My daughter, now 24, was adopted at age four, and has lived in Canada since. Her long-strained relationship with my wife has worsened.
She lives with her same-age affluent boyfriend. Sadly, she’s failed or withdrawn from many things: not finishing high school, nor university make-up courses, never staying long in a job, losing many friends.
She complained of mood disorders but a university psychiatrist saw no other problems except possibly ADHD (previously diagnosed).
Now, she and her boyfriend refuse to see us, unless my wife sees a psychiatrist about her anger issues, which my daughter says have ruined her life.
Over 34 years together I’ve seen that my wife’s anger does flare up but quickly dies out.
I’m reluctant to waste time, money, and emotional distress in urging this. Our choices: 1) pretend to have seen a psychiatrist and lie about it; 2) she actually consults one; 3) we refuse.
It’s most “troubling” that you’d consider lying, and also compare your vision of your wife’s anger to that of a child’s, without understanding the fear, helplessness, and unfairness that a child feels when the all-powerful adult’s anger mysteriously flares then disappears.
By the age of four, your daughter had already experienced upheaval before she was adopted and her entire world changed. Those anger outbursts may indeed have confused her greatly, and affected her lack of confidence.
To try to re-establish a relationship with her daughter, your wife should see a psychiatrist. And you should encourage this as a family need. She needs to see her place in the “story,” and have compassion for her daughter.
I’d previously asked my once closest friend to be my daughter's godmother.
Years later, just before my wedding, we had a falling-out. She and my then-fiancé entered into an agreement for some renovations and she wasn’t satisfied with the results.
Both sides agree that it could’ve been handled better. But my friend behaved passive-aggressively before the wedding.
She didn't want to hold my shower or participate in any wedding planning though she was the maid of honour.
We argued, she was removed from the wedding party, and I hadn't spoken to her since.
A year later, she’s contacted me to see my daughter who loves spending time with her.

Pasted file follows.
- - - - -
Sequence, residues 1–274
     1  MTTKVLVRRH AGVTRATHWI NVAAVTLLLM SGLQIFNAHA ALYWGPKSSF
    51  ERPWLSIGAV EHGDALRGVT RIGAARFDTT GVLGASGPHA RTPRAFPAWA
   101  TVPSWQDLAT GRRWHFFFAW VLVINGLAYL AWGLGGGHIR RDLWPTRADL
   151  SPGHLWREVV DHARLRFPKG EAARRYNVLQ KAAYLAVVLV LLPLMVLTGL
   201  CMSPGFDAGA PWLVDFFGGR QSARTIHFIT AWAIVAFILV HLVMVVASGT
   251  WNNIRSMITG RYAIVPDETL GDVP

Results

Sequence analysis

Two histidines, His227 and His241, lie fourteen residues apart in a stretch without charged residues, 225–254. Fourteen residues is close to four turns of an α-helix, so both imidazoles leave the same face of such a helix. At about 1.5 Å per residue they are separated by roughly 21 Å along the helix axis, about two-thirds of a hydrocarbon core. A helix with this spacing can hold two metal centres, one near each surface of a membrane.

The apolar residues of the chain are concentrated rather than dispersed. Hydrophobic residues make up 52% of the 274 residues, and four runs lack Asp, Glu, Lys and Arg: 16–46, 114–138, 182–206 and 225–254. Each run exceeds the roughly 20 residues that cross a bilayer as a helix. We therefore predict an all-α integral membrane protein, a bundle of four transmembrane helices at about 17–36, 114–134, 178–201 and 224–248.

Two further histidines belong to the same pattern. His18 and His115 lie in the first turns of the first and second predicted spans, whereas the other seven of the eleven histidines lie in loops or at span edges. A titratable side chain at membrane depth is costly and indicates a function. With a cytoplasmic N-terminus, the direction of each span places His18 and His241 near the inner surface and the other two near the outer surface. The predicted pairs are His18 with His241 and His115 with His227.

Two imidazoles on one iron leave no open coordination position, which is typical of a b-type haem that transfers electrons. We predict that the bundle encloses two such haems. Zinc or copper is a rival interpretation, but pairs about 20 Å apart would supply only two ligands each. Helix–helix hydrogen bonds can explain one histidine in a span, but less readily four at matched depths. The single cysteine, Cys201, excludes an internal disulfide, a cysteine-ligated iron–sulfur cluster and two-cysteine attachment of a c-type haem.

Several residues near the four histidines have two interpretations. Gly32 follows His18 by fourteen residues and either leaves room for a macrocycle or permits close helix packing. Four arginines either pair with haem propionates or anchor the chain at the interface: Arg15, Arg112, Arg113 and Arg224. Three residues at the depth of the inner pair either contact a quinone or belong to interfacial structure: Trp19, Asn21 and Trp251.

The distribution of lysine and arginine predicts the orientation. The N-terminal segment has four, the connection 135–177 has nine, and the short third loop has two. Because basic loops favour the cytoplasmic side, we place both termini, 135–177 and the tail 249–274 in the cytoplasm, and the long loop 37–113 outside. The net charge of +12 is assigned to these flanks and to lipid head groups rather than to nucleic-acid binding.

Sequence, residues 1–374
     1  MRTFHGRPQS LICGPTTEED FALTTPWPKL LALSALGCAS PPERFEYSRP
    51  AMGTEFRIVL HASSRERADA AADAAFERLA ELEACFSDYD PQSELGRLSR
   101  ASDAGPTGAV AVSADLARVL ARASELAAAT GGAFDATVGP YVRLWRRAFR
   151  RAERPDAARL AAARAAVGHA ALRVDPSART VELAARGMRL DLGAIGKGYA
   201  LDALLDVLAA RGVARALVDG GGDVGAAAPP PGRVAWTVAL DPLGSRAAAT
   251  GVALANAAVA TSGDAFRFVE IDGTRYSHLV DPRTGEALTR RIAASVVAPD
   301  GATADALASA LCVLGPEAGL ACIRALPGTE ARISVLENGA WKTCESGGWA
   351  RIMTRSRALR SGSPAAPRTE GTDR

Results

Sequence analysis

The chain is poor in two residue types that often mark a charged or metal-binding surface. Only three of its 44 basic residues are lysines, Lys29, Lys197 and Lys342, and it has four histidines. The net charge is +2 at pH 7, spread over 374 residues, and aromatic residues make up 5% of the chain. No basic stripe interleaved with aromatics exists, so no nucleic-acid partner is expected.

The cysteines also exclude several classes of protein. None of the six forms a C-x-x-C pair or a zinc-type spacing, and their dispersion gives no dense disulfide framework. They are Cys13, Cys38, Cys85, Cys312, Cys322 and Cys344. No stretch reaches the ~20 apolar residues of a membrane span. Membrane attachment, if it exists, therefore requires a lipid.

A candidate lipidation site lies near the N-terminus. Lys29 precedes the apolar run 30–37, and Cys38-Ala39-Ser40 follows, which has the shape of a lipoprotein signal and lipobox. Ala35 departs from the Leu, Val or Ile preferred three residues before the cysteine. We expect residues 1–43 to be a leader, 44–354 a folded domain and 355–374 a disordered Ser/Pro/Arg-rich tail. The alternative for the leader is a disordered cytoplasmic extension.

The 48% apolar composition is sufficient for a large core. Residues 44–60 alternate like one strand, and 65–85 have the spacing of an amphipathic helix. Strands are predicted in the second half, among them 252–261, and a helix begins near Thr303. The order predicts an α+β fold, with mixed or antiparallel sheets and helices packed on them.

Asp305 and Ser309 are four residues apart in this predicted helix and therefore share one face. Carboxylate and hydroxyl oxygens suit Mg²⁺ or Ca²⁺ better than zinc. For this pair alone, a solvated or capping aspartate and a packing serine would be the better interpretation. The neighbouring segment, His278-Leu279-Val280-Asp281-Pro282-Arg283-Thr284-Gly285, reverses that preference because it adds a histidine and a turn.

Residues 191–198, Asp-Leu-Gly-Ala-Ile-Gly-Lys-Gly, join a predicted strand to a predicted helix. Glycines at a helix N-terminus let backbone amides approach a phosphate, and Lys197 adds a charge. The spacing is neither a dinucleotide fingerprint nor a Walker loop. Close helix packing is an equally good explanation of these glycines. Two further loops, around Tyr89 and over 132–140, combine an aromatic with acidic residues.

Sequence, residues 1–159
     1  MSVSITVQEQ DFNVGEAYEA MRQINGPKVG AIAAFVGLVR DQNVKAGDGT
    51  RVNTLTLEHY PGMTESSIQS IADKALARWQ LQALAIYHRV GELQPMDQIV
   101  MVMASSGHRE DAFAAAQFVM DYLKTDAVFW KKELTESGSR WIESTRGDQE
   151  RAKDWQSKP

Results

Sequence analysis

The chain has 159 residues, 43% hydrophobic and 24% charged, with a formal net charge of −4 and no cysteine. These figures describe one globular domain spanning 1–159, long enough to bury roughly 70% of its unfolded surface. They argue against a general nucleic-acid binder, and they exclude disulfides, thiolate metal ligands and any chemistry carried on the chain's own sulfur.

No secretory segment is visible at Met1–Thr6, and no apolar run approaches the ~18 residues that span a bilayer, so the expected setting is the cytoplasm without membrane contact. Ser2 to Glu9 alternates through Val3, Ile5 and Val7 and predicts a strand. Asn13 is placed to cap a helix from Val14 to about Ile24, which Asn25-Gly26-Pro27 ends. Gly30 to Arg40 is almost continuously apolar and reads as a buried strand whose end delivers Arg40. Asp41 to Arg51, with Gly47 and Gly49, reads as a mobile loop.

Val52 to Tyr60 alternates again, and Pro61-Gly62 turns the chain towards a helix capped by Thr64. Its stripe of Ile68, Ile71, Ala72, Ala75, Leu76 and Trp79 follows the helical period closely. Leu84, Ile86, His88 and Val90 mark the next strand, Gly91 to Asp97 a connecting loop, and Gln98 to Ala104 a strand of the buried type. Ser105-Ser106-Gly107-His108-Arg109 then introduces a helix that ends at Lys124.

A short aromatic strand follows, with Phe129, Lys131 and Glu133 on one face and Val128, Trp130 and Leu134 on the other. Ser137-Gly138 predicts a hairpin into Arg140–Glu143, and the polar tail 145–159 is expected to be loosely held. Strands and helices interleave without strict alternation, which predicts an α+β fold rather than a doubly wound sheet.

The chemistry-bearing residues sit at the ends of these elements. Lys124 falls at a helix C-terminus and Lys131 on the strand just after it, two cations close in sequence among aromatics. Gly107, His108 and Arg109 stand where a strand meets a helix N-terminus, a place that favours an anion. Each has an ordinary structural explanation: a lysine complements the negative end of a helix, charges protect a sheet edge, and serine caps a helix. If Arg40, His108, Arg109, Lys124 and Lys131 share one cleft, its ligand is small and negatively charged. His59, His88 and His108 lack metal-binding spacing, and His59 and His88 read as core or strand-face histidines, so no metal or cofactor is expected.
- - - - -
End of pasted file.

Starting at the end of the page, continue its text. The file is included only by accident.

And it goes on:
She’s good to my daughter and gives me good insight into her wellbeing (she has behavioral challenges).
My husband’s vehemently opposed to them spending time together, still sore about what transpired between them.
I have no parents, no siblings, and because of her behavior my child doesn’t get invited for play-dates.
I feel she should be with people who love her. He says I’m too willing to forgive and forget.
I enjoy the brief break, as I’m increasingly overwhelmed with university classes, homework, laundry, housework, etc.
Yet I also must protect my daughter from witnessing his hostility. Am I being too naive allowing her to see her godmother?
Tired of Fighting Him
Yes and No. It’s naïve to think your daughter can comfortably see someone whom you and your husband fight about.
However, your friend has also made an outreach to you. Clear the air over your argument, so both of you can acknowledge regrets over it.
Unless this happens, she may harbor ill feelings, which your child can pick up.
Once achieved, tell your husband calmly that you two are on track again, and her help with the child is much needed and appreciated, and shouldn’t be denied.
My husband’s uncle is an alcoholic who gets sloppy drunk and becomes disgusting to be around.
Because he’s my father-in-law’s “baby” brother, everyone else accepts “that’s him.”
I don’t. He makes tasteless sexist jokes around my teenage daughter, swears, staggers, and slurs his words, which makes everyone laugh including my adolescent son.
I want to avoid going to these events but my husband says he’d go without me and it’ll divide us, and make me the bad guy.
They’re a family of enablers, a tough circle of denial to break.
Consider whether you can encourage some family members (your husband?) to attend an Al-Anon meeting, and learn the real impact of pretending alcoholism’s acceptable. Example: the message to kids, and the culture of ignoring problems.
Also, suggest closest relatives convince Uncle to get a health check, and confront any physical effects.
Meanwhile, teach your own kids that caring about someone doesn’t mean ignoring a serious problem.
Tip of the day:
A troubled adult child deserves parents’ efforts to get to the root causes, if possible.